"This honor fills me with an emotion that is impossible to express," said Donahue. "My family and I are deeply moved by such a tribute. I feel a tremendous sense of humility, pride and gratitude to so many players, coaches and friends for making this a reality. The official dedication will be something we will cherish forever."
Donahue compiled a 151-74-8 record as UCLA’s head coach from 1976-1995. In addition to the College Football Hall of Fame, he has also been inducted into the UCLA Athletics (2001), Rose Bowl (1997) and Sun Bowl (2005) Halls of Fame. In 2008, he was named the Edward A. Dickson (UCLA) Alumnus of the Year for "Outstanding achievement in his professional field, in service to his community, in public service and in service to the University."
"Terry Donahue’s accomplishments on the field during his time with the UCLA football program are legendary,” said UCLA Athletic Director Dan Guerrero. "Those accomplishments, however, pale in comparison to Terry’s character and integrity. He is a tremendous ambassador for the program, the athletic department, the university and the game of football in general, and I cannot think of a person more deserving of this honor than TD."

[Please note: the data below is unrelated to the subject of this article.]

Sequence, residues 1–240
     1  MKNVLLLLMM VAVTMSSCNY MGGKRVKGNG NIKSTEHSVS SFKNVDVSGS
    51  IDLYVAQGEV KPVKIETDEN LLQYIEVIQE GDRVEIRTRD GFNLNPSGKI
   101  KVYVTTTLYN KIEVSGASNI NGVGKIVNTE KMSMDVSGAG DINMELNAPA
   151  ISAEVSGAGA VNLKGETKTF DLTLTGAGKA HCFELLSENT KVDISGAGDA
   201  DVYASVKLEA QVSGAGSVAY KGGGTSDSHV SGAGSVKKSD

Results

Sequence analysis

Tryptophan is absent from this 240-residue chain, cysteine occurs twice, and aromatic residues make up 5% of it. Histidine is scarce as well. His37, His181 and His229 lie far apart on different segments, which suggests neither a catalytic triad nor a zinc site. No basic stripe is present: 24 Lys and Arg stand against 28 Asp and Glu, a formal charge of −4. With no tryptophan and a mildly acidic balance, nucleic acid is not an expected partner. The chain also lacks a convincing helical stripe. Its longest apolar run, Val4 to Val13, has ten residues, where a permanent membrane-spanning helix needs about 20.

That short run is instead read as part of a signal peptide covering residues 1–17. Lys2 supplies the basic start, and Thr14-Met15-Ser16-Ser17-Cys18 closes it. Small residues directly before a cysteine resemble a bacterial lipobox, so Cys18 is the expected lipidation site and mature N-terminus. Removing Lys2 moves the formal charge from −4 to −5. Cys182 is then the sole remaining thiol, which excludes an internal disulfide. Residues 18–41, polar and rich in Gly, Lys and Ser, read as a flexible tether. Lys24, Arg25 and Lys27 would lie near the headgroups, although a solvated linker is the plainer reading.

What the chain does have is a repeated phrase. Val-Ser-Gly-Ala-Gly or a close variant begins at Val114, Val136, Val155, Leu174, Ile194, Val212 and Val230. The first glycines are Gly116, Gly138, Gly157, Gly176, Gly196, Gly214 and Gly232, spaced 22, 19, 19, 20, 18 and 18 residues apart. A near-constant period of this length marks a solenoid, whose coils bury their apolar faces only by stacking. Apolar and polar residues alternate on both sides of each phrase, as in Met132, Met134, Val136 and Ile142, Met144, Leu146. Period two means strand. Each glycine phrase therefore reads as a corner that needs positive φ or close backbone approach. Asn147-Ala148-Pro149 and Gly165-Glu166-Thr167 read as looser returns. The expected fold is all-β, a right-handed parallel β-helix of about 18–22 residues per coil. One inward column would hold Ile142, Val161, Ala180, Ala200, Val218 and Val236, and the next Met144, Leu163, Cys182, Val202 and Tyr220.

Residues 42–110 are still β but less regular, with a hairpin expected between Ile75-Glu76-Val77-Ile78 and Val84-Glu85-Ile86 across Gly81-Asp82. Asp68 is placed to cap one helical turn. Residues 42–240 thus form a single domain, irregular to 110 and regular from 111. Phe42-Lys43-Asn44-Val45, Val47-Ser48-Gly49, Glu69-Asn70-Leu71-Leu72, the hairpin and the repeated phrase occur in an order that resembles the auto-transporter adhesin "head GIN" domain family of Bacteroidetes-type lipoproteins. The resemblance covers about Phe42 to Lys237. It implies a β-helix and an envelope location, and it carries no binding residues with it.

"Coach Donahue was not only a football coach, but a mentor and coach for being successful in life," said former UCLA offensive lineman Andy Meyers at the time of the initial announcement. "Having Coach Donahue's name being permanently ensconced on the Rose Bowl is not only honoring his legacy as the winningest coach in Pac-10 history, but an honor for Bruins everywhere."
Donahue’s legacy to the university, which began as a student-athlete in the 1960s and was later cemented as a head coach, is noteworthy. As a 195-pound defensive lineman on the 1965 UCLA team that upset heavily-favored USC, then took down top-ranked Michigan State in the 1966 Rose Bowl game, Donahue was the personification of the "gutty little Bruin."
After graduation, Donahue returned to the program under Pepper Rodgers and served as an assistant under Dick Vermeil on the 1976 Rose Bowl championship team that beat Ohio State. He succeeded Vermeil that same year, beginning a 20-year stint in which Donahue made UCLA into a consistent college football power. He became the first coach to win a bowl game in seven consecutive seasons and had an 8-4-1 overall career record in bowl games, including victories in four consecutive New Year’s Day bowls. Included in that record were three Rose Bowls (1983, 1984 and 1986), emblematic of three of the five Pac-10 Conference titles Donahue won or shared. Donahue owns the most conference wins of any coach in Pac-10 history (98) and the most wins in UCLA history (151). He also edged out cross-town rival USC for bragging rights courtesy of a 10-9-1 record. Under Donahue’s tutelage, UCLA produced 34 first-team All-Americans and had 14 players selected in the first round of the NFL draft.